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Thanks to Dave for taking the time to talk to WPKube.
Q: Can you tell readers a little about yourself?
I’m 27 years old and I currently live in Florida. I was born in the UK and lived there until I was 21, when I met my incredible wife. Unfortunately, as much as I loved my friends and family, she was American, so I had to pack my bags and start a new life in the States. During the day, I’m a practicing civil engineer and at night, when I’m not building websites, I’m drinking cider, spending time with my wife and fostering kittens for the local Humane Society.
Q: When did you start using WordPress?
I initially built websites in raw HTML (using tables, and then CSS), before moving on to Joomla.
I didn’t like how fiddly and overly complicated Joomla was, so I set about finding something new for my next project. That was when I discovered WordPress, which was about 2006. Luckily, I went straight into using the self-hosted version, so I was immediately able to take advantage of custom themes and plugins, which quickly helped me to realize the true power of WordPress.
Q. What do you consider to be your strengths and weaknesses with the WordPress platform?
My strengths are tailoring solutions for helping with specific problems, with the least amount of code or plugins possible. I love the challenge of being presented with a need and trying to see it met in the simplest manor possible.
I’ve got a lot to learn, but I’ve also got several years of experience that I rely on. My weaknesses are with custom theme development. I can tweak any existing theme to do what I need to do, but I’ve not yet gone through the process of starting with a blank piece of paper and building a WordPress theme from scratch. So I need to find the time and opportunity to do that, to add that tool to my belt.
Q: What would you like to see added to the WordPress core in 2012?
I don’t necessarily think that anything needs to be added to the core. The core is exactly that; a solid foundation upon which plugins can give you the extra functionality that you need for your own specific needs. The WordPress core is intentionally lean, but immensely powerful and secure at the same time. So I hope that the development team continues to implement best practices and keeps up-to-date with security and new and appropriate technologies.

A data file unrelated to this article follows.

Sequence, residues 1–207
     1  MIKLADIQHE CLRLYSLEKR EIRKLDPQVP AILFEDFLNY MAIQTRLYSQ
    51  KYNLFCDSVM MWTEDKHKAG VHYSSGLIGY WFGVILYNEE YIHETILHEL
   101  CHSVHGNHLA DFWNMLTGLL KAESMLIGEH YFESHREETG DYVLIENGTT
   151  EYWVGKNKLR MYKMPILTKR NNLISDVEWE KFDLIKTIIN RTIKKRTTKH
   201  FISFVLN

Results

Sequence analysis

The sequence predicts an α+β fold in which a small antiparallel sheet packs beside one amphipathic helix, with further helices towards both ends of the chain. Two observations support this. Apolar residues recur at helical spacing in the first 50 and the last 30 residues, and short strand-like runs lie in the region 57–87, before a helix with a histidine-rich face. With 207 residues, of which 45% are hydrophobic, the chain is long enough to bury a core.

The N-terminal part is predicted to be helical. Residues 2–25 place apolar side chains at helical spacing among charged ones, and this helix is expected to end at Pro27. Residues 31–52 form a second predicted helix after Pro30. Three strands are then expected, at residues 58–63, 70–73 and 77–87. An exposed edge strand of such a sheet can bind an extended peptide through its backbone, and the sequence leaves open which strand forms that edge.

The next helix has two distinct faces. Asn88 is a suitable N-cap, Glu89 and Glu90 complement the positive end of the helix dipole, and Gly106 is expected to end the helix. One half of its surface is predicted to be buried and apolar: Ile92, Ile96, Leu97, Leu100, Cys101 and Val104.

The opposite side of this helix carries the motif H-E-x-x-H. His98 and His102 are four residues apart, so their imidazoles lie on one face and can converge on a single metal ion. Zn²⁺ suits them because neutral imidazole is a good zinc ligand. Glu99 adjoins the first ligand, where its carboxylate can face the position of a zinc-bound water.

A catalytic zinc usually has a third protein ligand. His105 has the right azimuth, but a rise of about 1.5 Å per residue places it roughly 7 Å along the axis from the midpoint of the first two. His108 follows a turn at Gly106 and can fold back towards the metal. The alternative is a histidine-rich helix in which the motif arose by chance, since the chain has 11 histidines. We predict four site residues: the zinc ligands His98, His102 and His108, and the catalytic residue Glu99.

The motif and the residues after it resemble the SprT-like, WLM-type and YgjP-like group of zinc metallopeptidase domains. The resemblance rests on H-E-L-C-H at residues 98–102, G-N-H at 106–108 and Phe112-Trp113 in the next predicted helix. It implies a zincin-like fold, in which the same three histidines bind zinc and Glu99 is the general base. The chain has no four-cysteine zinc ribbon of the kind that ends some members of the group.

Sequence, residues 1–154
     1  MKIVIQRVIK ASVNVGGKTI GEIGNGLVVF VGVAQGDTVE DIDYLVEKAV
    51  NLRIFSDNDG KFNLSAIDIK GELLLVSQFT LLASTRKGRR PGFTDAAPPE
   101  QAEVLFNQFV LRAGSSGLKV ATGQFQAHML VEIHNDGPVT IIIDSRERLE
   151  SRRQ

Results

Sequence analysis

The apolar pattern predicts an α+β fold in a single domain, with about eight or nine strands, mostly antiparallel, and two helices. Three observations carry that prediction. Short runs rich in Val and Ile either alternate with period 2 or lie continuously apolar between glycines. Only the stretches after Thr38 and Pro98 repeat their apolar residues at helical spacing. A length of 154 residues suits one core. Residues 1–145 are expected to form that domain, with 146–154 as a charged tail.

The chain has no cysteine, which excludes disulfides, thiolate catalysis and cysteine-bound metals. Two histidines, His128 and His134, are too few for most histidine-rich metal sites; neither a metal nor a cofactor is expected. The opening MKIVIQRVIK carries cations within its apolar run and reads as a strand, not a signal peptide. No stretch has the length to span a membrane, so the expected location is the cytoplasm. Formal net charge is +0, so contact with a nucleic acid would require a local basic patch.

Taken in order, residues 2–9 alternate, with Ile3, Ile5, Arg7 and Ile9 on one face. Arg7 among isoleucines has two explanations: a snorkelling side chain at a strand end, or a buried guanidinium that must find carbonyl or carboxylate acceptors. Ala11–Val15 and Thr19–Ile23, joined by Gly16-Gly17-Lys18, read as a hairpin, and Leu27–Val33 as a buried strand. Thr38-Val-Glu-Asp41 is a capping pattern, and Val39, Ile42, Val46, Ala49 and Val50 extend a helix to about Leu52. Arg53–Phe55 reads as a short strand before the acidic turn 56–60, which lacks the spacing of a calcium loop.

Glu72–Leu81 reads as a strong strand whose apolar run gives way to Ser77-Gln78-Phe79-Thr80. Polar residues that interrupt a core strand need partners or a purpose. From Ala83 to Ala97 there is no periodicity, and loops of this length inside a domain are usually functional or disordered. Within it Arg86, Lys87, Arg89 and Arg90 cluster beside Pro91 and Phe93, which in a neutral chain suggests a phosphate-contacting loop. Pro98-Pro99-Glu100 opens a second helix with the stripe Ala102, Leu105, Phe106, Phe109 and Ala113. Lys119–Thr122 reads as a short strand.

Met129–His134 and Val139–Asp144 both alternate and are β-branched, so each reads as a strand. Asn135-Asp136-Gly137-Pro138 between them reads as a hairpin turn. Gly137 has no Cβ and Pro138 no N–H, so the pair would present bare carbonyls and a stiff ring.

If I had to pick though, I personally would like to see some sort of automatic plugin update feature. Perhaps it would require you to opt-in, or developers with well-established plugins, like Gravity Forms, or W3 Total Cache, could earn a “trusted status” where their plugin updates are automatically pushed to installations.
Is there anything you think that most WordPress themes lack?
Yes. There’s a serious lack of well-coded WordPress themes, that are set-up to allow easy development. For example, get_template_part is severely under-used, and should be more widespread to allow child themes to more easily manipulate themes without having to delve into the meat of larger files, instead enabling them to just focus on editing the loop for example. Another thing that WordPress themes lack is simplicity.
I think that all too often, themes try and do everything under the sun, when they really just need to concentrate on being good at the basics. The more complicated it becomes, the more chances there are for conflicts and mistakes. For example, there is no need for “SEO titles”; wp_title will suffice just fine. Anyone wanting more than that, should be relying on a plugin for that functionality – it’s just bloat.
Q: Who do you admire in the WordPress community?
This is dangerous; I might miss someone! Oli Dale at WPLift has long been an inspiration for me, as a blogger who has his screwed on the right way and is focusing on the important thing; creating good content.
Another man in that camp is Kevin Chard from WPSnipp; he’s just doing it to help people out. For developers, you obviously can’t miss the big hitters like Mark Jaquith, Andrew Nacin and Jane Wells, but then there’s also developers like Konstantin Kovshenin and Pippin Williamson who are very active in the community, know their shit and will actively seek to improve your understanding and coding to make the WordPress ecosystem an all-round healthier creature.
Q: What are your favorite 5 WordPress plugins and why?
- Gravity Forms, for being incredibly powerful and useful in so many applications
- Easy Digital Downloads, a recent, but already incredibly successful plugin for selling digital content online
- and WP Smush.it for helping to squeeze every last useless byte out of your images and make your site (and the web) a faster place.
Q: What future plans do you have for your WordPress blog DoItWithWP?
Well, I’ve just gone through a couple of big changes; I recently moved to a VPS, for better performance behind the scenes and just a couple of weeks ago, I launched a new design, which is responsive and much fitter for 2012, than the old theme.
Moving forward, I plan to continue creating more and more impartial and helpful tutorials for my readers and you may see a couple of splinter projects come out of Do It With WordPress. Watch this space